Tony Cochrane admits that the side is in desperate need of senior experienced players – and says now is not the time for AFL expansion.
Back in the 1980s, football teams had a senior coach, an assistant coach – who also happened to be the coach of the reserves – and a runner. That was the brains trust behind the team.
Nowadays, there are an array of coaches. Every segmentation of the team – the midfielders, the forwards, and the defenders – have their own coach.
Behind the scenes, there are dieticians, fitness staff, clinicians, etc.
That’s the evolution of the game. Just as it’s evolved on the field, the way a football club is run off-field has also evolved.
So what comes next?
Collingwood briefly introduced the position ‘Director of Coaching’ – the role incumbent senior coach Mick Malthouse was meant to move into when Nathan Buckley took over the senior coaching gig in 2012.
Malthouse ultimately declined and moved on. Rodney Eade briefly filled the position, then went on to coach the Gold Coast Suns. As far as I’m aware, nobody has replaced him in the Director of Coaching role.
The position was loosely described as a mentor to the senior coach – it’s not a bad idea for an apprentice coach.
Of course, it does seem redundant in some cases.
Damien Hardwick, Adam Simpson, Luke Beveridge and Alastair Clarkson – who’ve coached the premiers from 2013 to 2019 – didn’t need mentors.
They served apprenticeships, then applied for senior coaching gigs. That’s how it’s always happened. If somebody isn’t ready to be a senior coach, should they be appointed to that position?
Something I’ve always believed would be useful to introduce is the position of a ‘Coaching Analyst’. They would operate independently of the coaching panel.
Each week, they would provide feedback on how they believe the coaching staff fared on game day – what worked, what didn’t, what could’ve been tried, whether the selections were right, etc.
In this way, the coaching staff could be challenged by an outside party. It would then be up to them whether they take on the feedback or not.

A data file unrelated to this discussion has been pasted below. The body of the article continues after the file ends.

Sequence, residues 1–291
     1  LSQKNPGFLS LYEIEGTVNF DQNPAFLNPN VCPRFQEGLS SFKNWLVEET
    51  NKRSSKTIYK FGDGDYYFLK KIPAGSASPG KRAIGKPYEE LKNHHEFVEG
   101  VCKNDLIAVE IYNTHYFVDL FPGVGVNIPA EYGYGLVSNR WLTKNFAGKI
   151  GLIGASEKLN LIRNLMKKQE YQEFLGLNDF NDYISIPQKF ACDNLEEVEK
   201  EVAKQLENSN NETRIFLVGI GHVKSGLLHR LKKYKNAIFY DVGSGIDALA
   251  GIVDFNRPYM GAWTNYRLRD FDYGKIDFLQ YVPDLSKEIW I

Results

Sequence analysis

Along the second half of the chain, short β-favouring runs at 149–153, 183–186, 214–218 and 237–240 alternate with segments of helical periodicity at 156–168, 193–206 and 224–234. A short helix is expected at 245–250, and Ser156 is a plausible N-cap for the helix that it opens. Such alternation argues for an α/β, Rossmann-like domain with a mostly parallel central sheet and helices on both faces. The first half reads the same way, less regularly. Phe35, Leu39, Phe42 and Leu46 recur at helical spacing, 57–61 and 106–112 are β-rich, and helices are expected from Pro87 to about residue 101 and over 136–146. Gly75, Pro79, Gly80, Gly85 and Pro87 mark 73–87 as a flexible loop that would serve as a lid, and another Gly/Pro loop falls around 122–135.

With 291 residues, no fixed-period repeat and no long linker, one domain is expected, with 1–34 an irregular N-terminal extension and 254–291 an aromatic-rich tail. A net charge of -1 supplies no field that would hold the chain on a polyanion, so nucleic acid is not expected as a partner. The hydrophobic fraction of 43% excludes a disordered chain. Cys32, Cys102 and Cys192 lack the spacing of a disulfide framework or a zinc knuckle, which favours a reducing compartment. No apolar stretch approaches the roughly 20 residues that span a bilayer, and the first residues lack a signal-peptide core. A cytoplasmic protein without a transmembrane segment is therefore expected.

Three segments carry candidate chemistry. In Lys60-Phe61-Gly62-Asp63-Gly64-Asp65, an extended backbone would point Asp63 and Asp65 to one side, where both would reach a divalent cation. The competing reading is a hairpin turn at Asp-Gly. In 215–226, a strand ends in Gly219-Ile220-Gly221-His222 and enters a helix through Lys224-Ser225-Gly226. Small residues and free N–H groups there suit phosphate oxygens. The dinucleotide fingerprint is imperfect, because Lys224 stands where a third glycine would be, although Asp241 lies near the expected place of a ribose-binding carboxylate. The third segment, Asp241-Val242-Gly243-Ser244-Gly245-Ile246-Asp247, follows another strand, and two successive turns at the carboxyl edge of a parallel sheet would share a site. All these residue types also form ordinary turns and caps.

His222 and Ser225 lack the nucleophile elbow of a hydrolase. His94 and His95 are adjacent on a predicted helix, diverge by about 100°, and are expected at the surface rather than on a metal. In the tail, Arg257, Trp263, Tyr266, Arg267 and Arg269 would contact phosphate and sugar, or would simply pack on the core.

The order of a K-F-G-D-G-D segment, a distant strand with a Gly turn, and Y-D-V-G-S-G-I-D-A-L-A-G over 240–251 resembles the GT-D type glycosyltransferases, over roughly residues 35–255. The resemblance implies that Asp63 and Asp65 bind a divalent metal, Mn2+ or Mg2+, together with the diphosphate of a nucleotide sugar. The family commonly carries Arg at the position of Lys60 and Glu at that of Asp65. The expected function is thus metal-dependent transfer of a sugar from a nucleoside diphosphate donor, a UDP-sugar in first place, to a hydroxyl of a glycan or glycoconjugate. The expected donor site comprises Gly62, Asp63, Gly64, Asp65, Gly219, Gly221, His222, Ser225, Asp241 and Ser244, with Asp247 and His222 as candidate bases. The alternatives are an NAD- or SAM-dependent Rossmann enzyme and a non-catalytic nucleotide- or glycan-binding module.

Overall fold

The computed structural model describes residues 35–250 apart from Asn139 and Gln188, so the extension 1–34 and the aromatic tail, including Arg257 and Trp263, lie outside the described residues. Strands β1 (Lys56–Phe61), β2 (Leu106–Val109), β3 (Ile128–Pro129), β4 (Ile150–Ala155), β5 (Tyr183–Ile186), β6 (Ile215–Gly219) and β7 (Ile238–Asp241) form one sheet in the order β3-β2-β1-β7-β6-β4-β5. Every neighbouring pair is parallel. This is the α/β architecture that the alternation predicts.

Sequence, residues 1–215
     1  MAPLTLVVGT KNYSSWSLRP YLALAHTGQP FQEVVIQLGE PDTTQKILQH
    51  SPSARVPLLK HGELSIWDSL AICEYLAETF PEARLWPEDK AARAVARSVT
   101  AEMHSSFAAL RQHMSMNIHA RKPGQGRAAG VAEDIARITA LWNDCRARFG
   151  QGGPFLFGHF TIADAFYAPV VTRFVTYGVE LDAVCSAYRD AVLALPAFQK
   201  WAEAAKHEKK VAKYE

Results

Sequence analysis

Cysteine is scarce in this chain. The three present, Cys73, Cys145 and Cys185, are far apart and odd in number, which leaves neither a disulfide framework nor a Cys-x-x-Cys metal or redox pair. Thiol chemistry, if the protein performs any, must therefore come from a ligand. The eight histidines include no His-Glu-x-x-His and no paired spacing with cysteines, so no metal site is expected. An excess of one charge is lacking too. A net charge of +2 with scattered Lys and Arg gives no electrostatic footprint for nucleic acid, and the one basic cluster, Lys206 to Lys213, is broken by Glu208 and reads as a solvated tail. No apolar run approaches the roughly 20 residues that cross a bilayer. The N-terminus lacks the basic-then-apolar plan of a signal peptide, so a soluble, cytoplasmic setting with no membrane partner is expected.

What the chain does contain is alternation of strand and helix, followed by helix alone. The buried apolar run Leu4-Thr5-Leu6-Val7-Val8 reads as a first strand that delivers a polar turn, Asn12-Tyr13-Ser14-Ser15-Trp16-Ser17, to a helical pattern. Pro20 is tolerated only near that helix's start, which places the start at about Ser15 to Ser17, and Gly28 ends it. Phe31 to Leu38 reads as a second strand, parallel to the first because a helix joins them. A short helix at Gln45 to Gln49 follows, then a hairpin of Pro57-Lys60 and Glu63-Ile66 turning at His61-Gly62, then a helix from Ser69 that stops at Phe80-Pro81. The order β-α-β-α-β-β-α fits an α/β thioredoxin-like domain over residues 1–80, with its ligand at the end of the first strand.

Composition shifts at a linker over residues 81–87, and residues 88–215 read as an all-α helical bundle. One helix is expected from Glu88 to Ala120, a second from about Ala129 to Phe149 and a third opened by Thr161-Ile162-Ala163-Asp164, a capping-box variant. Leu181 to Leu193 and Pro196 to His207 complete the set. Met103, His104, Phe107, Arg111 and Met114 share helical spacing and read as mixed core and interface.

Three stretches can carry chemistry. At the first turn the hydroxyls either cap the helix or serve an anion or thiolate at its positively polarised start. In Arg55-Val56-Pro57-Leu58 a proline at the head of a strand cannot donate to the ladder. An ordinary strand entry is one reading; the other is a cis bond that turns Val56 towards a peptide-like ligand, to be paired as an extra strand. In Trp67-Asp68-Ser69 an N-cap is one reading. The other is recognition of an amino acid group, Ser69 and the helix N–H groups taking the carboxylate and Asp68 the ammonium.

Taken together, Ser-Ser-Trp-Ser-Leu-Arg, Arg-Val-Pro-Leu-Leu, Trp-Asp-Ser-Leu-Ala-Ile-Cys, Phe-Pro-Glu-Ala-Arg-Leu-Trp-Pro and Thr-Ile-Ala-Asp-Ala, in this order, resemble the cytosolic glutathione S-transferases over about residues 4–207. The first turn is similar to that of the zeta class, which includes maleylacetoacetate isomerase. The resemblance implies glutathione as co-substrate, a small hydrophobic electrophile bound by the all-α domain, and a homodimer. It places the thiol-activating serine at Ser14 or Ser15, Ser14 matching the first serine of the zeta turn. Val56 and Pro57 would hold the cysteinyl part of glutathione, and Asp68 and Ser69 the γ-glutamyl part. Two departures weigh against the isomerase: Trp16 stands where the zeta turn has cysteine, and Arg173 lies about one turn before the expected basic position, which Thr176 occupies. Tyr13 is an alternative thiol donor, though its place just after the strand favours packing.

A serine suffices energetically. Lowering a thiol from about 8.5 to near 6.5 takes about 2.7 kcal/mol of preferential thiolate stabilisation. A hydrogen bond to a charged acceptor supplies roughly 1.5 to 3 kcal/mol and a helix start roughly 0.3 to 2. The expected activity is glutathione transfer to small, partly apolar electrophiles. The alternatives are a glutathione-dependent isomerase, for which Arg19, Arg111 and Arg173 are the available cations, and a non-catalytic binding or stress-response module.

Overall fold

Now some might consider this redundant, given that surely the coaching staff must have meetings where they discuss all this and thrash it out. The one query here is that being immersed in the system, they would – to some extent – lose objectivity.
Think about your team and times you’ve questioned decisions, and are amazed that a certain course of action was either pursued, or persevered with to the detriment of the team.
Your counter might be what do any of us punters know? Or that the club has appointed the best people for those roles. Or we don’t have all the information. Okay to all that.
But another truth is those running our teams are fallible, and a fresh perspective can provide a new insight.
My own background is that I’ve worked as a book editor.
I’ve read the manuscripts of some great authors. But for all their talent, for all their vision, for all their knowledge, they actively seek external feedback because they want somebody objective who can constructively articulate what they need to consider – issues that they might no longer be able to see, things they believe are working that (for whatever reason) aren’t, and areas they can strengthen.
And the pivotal word there is consider. They might have very good reasons for some of their choices and champion them. I might’ve missed something. They might have a greater understanding of some component than I do. But the point is the discussion itself is worthwhile to get that fresh perspective.
I know supporting my team over 40 years, I wish there were times that somebody in some independent capacity could challenge the coaching staff, and open their minds – if only for an instant – to new possibilities.
It surely could only be for the better.